Consultation by the European Bank Authority on de-risking by financial institutions

Currently it is a common practice of Dutch banks to refuse certain groups of companies or organisations, claiming that these groups have a risk profile that is ‘too high’ for the risk appetite of the bank. The clients are not consulted by the bank on the alleged risk profile and in the Netherlands there is no discussion on the harmful practices of banks. Some companies and organisations meet a lot of difficulties to find a bank. This practice of refusing certain clients, that has nothing to do with criminal acts of these (future) clients, is called ‘de-risking’. The theme was already highlighted by MONEYVAL (read this post). I am following it for a time, read these posts.

Now the topic seems to have reached the desks of the European Banking Authority (EBA), the European supervisor of banks. On 15 June 2020 EBA issued a call for “input to understand the scale and drivers of ‘de-risking‘ at EU level and its impact on customers of financial institutions“, read this announcement:

EBA calls for input to understand impact of de-risking on financial institutions and customers
15 June 2020

The European Banking Authority (EBA) issued today a call for input to understand the scale and drivers of ‘de-risking‘ at EU level and its impact on customers. This call, which forms part of the EBA’s work to lead, coordinate and monitor the EU financial sector’s AML/CFT efforts, aims primarily to understand why financial institutions choose to de-risk instead of managing the risks associated with certain sectors or customers. This call for input is of interest to stakeholders across the financial sector and its users, as the EBA wants to hear from all groups affected by de-risking. The call for input runs until 11 September 2020.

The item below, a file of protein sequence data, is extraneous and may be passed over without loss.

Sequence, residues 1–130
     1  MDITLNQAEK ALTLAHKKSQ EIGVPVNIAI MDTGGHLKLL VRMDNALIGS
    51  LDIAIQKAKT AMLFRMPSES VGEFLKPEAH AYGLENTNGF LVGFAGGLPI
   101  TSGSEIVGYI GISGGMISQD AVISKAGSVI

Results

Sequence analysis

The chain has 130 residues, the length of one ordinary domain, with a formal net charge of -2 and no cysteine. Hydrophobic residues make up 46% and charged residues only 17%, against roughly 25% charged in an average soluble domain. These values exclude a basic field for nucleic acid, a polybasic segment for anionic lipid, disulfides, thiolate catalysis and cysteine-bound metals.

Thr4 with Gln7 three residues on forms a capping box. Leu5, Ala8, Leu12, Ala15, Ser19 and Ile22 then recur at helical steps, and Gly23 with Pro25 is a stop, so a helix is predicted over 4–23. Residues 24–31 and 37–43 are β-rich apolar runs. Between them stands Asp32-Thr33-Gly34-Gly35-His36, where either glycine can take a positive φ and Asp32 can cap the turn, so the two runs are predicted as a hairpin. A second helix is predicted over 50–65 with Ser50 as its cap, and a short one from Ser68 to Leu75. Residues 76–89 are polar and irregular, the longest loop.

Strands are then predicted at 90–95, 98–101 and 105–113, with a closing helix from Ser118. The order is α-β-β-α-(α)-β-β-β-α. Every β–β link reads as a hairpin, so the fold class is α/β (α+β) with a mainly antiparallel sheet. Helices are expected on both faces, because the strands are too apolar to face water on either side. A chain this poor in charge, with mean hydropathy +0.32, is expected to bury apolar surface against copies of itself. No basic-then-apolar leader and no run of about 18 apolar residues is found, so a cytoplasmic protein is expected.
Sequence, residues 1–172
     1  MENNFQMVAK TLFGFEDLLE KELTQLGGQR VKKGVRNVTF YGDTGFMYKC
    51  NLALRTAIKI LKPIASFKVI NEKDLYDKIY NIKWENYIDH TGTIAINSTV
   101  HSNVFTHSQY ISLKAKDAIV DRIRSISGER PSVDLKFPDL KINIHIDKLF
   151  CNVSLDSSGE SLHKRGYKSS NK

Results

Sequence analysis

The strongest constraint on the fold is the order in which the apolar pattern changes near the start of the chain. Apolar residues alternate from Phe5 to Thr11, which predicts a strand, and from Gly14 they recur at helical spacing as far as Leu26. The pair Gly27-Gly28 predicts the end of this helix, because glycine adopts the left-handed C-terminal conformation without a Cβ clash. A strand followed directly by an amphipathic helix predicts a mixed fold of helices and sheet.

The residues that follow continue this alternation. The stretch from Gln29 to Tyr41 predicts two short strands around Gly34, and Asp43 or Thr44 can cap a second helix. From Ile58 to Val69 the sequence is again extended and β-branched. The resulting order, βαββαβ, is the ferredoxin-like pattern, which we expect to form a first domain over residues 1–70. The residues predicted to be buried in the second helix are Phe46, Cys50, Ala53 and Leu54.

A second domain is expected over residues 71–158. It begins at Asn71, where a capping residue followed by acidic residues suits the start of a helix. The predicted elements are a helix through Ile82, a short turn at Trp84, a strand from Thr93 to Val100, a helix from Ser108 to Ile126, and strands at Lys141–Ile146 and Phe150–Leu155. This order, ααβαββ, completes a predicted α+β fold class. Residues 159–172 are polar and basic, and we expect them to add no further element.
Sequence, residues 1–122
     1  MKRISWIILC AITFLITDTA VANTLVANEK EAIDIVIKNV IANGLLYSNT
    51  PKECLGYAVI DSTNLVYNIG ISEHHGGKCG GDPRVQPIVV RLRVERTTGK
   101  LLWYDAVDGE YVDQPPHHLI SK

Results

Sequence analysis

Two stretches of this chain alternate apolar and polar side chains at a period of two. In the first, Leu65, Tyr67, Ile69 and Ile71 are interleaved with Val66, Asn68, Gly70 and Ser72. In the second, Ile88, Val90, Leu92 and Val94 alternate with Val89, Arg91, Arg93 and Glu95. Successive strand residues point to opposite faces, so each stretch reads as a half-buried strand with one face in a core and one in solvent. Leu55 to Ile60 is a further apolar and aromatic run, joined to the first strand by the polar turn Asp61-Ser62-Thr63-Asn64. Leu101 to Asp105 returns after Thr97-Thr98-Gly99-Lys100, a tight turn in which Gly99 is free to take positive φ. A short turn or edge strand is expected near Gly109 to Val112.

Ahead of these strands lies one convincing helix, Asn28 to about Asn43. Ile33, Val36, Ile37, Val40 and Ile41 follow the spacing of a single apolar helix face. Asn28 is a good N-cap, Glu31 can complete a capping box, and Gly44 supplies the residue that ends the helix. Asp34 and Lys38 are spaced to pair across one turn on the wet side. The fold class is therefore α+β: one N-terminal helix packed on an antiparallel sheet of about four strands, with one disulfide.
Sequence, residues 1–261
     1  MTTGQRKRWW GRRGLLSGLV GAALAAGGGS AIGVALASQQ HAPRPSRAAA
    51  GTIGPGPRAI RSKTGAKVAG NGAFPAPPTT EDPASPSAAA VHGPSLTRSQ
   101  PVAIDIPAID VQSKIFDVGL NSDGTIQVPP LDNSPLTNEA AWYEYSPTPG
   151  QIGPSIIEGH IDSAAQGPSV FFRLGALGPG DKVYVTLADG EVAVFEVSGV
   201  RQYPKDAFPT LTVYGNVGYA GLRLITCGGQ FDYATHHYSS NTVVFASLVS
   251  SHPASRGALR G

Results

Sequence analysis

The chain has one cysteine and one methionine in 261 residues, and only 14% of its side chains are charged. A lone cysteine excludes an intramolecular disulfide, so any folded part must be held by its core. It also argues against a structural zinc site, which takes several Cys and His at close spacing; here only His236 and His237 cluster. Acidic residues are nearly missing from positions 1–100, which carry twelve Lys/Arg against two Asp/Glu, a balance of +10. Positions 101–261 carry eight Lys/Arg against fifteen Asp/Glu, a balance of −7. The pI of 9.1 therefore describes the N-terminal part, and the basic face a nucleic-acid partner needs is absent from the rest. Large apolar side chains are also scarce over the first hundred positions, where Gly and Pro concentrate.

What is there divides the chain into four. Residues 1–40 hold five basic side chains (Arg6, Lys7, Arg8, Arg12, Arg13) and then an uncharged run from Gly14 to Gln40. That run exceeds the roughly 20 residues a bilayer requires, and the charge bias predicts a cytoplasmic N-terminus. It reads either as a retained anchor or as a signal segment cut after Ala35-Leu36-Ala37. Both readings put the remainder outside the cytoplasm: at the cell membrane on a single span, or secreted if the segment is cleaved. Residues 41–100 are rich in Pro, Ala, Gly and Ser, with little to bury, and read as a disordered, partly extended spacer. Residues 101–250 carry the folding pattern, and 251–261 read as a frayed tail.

To manage customers‘ profiles associated with higher money laundering and terrorist financing (ML/TF) risks, financial institutions may decide not to service a particular customer or category of customers. This is referred to as ‘de-risking‘, and affects both financial institutions and its users. De-risking affects particular sectors and customers across the EU, such as banks engaged in correspondent banking relationships, payment institutions and NGOs.

Given the variety of institutions and customers affected by de-risking and the different degree at which Member States are exposed to this phenomenon, the EBA is reaching out to stakeholders across the financial sector and its users to hear from their experiences.

Responses to this call will inform the EBA 2021 Opinion on ML/TF risks and potentially other policy outputs.

Process
The contributions to the call for input can be submitted by clicking on the “send your comments” button on the EBA’s dedicated webpage. All contributions received will be published, unless requested otherwise. The call for input is open until 6 p.m. CET on 11 September 2020.

Legal Basis
The EBA is mandated under Art. 6(5) of Directive (EU) 2015/849 to develop a biennial Opinion on the risks of money laundering and terrorist financing affecting the Union’s financial sector. The EBA also has a legal mandate to lead, coordinate and monitor the financial sector’s fight against ML/TF across the EU. [For more information, check the factsheet]

Links
Call for input on ‘de-risking’ and its impact on access to financial services
Anti-Money Laundering and Countering the Financing of Terrorism